Rating system:
5.0: Wow!
4.0: Pretty good
3.0: Mediocre to good
2.0: Pretty Bad
DNF: Did not finish

Wednesday, January 02, 2008

Best reads of 2007

Top mystery reads:

A Fatal Grace by Louise Penny. This is the second in a series that captured me from the first moment. Penny does everything right: character, plotting and setting. I love Three Pines, the small fictional Canadian town that is oh-so-idyllic (except for an abundance of murders). Det. Armand Gamache has been described as a cross between Colombo and Poirot, a quirky character in his own right. This novel is set between Christmas and New Year's -- and that's when I read it. A perfect book with which to end the year.

Raven Black by Ann Cleeves. On the list of my favorite authors, Cleeves writes wonderfully about another closed community -- the Shetland islands (where Scotland meets Scandinavia). This is the first in a quartet that features Insp. Jimmy Perez, an unlikely detective hero.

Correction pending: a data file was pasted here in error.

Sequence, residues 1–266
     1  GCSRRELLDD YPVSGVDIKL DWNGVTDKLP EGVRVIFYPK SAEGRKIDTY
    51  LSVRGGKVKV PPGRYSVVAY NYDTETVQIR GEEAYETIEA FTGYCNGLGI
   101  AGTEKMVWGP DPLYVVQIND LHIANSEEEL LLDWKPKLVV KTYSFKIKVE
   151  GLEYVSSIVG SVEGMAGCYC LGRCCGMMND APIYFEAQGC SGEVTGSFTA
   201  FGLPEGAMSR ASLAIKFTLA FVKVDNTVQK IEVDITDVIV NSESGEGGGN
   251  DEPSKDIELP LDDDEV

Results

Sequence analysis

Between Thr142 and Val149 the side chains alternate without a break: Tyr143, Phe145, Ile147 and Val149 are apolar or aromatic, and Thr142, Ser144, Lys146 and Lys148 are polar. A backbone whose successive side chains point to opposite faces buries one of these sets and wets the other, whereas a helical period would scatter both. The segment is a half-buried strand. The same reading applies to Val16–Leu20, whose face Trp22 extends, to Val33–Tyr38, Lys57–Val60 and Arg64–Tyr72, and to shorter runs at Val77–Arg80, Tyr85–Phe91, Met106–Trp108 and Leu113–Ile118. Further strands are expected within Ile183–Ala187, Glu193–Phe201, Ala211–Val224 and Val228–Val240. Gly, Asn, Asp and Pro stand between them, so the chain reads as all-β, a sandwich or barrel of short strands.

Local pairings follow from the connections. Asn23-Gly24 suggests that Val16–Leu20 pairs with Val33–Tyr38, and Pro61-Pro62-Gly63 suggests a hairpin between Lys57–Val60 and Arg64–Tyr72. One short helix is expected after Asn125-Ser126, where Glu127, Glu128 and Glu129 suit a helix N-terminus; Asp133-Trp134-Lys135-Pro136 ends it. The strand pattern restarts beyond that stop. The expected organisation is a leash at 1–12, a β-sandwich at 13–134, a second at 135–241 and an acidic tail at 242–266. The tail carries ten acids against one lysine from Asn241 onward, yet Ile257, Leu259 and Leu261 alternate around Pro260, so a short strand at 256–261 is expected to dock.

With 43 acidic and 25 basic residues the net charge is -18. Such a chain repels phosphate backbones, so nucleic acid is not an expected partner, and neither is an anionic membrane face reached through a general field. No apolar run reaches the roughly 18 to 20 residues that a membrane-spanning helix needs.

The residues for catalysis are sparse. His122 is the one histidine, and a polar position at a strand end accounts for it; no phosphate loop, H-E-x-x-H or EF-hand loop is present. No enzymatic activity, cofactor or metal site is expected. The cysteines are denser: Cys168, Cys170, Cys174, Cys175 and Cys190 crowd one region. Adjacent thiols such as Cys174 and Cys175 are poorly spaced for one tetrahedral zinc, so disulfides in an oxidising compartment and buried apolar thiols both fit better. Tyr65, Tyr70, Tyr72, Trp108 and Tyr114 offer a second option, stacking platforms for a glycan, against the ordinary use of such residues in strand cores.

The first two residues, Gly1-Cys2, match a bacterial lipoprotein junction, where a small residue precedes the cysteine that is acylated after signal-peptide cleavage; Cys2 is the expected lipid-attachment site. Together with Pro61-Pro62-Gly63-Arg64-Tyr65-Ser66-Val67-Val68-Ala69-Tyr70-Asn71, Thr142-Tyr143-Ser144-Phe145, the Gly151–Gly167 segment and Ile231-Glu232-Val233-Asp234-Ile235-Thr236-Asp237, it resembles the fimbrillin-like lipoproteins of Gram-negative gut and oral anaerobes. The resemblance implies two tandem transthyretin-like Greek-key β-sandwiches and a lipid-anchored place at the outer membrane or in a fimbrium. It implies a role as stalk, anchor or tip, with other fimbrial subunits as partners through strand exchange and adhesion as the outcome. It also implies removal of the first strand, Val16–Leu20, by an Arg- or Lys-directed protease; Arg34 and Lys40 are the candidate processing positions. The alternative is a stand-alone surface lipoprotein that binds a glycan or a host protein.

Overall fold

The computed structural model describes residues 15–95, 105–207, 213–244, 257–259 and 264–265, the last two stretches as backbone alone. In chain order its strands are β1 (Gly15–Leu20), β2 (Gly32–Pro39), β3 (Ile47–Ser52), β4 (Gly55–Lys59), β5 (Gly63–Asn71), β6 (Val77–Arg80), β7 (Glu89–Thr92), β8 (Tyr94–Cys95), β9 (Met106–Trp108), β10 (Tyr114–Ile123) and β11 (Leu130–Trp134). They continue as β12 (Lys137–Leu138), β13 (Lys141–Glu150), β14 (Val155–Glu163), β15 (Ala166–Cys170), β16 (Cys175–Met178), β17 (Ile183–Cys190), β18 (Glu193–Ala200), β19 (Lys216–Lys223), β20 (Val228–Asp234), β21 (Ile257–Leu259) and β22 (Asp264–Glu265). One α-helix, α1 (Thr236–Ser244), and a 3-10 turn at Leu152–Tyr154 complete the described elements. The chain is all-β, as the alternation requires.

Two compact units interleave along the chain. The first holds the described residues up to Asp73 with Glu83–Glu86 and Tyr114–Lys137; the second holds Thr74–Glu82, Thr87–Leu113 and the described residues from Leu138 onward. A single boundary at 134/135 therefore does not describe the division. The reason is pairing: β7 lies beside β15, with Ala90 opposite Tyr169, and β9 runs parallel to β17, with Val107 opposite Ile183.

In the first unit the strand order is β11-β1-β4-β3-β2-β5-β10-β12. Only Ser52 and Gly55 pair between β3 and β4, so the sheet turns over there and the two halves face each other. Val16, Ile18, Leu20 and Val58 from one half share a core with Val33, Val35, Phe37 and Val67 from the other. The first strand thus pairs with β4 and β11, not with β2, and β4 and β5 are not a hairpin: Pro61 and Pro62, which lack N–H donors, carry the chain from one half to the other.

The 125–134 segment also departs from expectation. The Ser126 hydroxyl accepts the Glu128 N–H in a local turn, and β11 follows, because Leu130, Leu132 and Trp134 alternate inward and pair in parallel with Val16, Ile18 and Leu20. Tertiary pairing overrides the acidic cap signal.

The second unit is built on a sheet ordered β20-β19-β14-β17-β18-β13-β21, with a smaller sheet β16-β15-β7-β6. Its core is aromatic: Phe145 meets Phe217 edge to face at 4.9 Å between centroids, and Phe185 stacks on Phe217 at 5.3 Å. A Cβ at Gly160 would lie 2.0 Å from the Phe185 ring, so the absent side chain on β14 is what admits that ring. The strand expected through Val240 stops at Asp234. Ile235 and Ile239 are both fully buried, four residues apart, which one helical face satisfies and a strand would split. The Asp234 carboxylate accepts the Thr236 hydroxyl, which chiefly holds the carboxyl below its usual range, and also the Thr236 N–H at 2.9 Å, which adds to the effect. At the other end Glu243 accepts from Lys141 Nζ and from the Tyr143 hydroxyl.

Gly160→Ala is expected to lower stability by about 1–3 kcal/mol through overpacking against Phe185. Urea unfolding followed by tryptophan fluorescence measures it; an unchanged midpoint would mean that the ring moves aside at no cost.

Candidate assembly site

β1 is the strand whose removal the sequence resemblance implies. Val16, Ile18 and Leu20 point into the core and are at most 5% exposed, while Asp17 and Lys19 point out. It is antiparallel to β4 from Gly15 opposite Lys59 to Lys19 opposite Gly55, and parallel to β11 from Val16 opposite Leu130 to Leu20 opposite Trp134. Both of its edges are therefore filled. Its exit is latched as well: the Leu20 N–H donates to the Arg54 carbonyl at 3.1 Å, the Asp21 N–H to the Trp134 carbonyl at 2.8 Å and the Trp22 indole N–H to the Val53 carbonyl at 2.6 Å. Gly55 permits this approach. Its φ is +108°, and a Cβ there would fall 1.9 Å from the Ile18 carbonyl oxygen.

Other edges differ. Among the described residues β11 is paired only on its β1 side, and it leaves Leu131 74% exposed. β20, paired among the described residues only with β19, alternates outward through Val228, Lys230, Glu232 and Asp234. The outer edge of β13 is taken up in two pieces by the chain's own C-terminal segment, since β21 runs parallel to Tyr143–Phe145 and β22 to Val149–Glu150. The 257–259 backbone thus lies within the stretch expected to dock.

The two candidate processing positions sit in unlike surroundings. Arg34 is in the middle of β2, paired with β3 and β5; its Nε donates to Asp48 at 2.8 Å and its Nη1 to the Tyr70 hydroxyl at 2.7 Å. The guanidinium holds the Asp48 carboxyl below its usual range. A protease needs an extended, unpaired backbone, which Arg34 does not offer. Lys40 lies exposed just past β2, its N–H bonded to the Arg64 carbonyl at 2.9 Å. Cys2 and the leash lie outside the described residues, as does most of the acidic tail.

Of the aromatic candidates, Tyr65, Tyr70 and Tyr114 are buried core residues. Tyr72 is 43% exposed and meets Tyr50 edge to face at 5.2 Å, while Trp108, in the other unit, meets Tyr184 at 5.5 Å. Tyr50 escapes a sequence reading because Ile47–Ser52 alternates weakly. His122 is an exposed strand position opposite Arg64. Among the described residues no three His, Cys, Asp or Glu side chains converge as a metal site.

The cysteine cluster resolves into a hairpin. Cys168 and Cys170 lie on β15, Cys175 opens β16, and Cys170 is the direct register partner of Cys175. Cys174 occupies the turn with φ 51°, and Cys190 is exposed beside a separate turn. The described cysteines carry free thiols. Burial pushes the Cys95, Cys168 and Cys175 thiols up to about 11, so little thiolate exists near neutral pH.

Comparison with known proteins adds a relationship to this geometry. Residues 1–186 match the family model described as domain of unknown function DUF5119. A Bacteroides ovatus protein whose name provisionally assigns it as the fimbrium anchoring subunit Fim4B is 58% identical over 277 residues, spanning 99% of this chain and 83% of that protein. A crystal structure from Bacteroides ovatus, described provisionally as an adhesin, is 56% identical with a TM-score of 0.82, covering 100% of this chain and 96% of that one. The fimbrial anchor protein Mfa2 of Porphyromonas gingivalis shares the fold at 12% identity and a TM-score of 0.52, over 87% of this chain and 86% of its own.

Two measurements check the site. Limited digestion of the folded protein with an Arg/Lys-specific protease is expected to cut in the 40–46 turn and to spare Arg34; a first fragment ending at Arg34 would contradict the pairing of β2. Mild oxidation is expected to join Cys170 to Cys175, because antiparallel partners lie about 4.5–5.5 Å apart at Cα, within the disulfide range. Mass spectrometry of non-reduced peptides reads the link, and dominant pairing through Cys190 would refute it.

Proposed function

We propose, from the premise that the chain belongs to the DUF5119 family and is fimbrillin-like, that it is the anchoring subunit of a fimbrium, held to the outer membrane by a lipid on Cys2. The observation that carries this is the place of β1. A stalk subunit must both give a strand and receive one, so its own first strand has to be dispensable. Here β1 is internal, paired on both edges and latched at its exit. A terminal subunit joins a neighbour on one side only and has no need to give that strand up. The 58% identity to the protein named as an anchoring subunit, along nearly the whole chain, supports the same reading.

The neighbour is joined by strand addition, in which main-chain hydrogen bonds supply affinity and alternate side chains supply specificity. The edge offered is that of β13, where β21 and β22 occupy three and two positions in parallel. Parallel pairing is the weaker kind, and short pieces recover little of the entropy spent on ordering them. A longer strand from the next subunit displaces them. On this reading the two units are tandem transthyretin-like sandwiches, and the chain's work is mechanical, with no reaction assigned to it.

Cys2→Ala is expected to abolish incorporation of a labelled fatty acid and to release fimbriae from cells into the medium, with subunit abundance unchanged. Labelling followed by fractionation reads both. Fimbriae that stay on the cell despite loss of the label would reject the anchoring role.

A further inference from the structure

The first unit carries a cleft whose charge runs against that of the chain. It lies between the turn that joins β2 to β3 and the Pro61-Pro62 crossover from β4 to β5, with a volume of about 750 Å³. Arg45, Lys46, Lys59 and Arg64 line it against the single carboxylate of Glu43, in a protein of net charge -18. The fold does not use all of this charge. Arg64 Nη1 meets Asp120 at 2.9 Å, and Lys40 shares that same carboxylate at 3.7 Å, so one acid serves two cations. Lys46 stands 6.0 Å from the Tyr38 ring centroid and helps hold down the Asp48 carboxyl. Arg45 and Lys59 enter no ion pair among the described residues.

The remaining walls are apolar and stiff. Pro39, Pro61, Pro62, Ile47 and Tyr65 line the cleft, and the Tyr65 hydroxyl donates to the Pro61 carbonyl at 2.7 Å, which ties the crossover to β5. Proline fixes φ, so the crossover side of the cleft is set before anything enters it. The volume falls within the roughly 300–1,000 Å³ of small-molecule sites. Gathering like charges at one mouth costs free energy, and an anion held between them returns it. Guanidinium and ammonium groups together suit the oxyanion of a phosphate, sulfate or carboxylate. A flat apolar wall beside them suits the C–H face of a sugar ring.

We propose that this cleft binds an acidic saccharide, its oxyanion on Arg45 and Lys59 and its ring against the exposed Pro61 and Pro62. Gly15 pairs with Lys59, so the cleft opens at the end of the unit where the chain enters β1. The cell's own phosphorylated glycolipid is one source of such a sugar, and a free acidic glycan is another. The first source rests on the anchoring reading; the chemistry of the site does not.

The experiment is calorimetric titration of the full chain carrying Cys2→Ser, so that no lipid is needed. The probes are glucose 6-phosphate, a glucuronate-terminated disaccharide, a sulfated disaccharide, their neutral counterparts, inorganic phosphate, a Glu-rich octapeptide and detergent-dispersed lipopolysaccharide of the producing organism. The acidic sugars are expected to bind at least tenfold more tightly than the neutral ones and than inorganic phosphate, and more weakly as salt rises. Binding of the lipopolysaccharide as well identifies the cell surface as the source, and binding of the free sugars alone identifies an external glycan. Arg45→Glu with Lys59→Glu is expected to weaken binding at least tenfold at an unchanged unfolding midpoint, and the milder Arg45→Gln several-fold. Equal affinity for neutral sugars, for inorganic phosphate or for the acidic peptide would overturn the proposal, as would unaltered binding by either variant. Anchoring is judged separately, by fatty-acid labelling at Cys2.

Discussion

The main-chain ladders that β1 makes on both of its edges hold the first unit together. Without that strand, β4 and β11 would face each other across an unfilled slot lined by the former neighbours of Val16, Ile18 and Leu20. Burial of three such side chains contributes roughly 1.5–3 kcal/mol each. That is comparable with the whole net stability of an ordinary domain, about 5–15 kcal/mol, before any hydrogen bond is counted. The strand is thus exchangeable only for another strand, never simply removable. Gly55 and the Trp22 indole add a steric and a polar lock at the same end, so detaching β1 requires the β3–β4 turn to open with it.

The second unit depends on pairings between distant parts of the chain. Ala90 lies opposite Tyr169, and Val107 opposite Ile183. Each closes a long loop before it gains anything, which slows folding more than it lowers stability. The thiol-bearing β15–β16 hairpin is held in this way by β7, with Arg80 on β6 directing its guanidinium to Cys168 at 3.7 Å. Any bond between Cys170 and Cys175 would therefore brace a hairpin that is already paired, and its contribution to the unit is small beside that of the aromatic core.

The Various Haunts of Men by Susan Hill. When Hill was compared to P.D. James, I knew I had to read her books. Again, this is the first in a series -- the fourth book will be released next year. Hill slowly unravels a novel, giving us rich portraits of each characters, including the victims. And with one of the most shocking endings I've ever read.

Naked to the Hangman by Andrew Taylor. Eighth in another series that is a favorite. In this one, Det. Richard Thornhill becomes the suspect, and it is up to his wife, Edith, and his former lover, journalist Jill Francis, to find the truth. Taylor never takes you where you are expecting to go. In my eyes, one of the finest British writers around.

The Collaborator of Bethlehem by Matt Beynon Rees. First in a series, Rees has an unlikely detective: Omar Yussef, an elderly history teacher. This is set in the Mideast, the villians are a martyrs brigade, and the police chief is hesitant to take action. It is a mystery like none other that I've read, and it has stayed with me long after I put it down.

The Devil's Feather by Minette Walters. Set in another war-torn area, Sierra Leone, the story moves to an English countryside -- where the real tension begins. Walters is known for delving into psychological terror, and she doesn't disappoint here.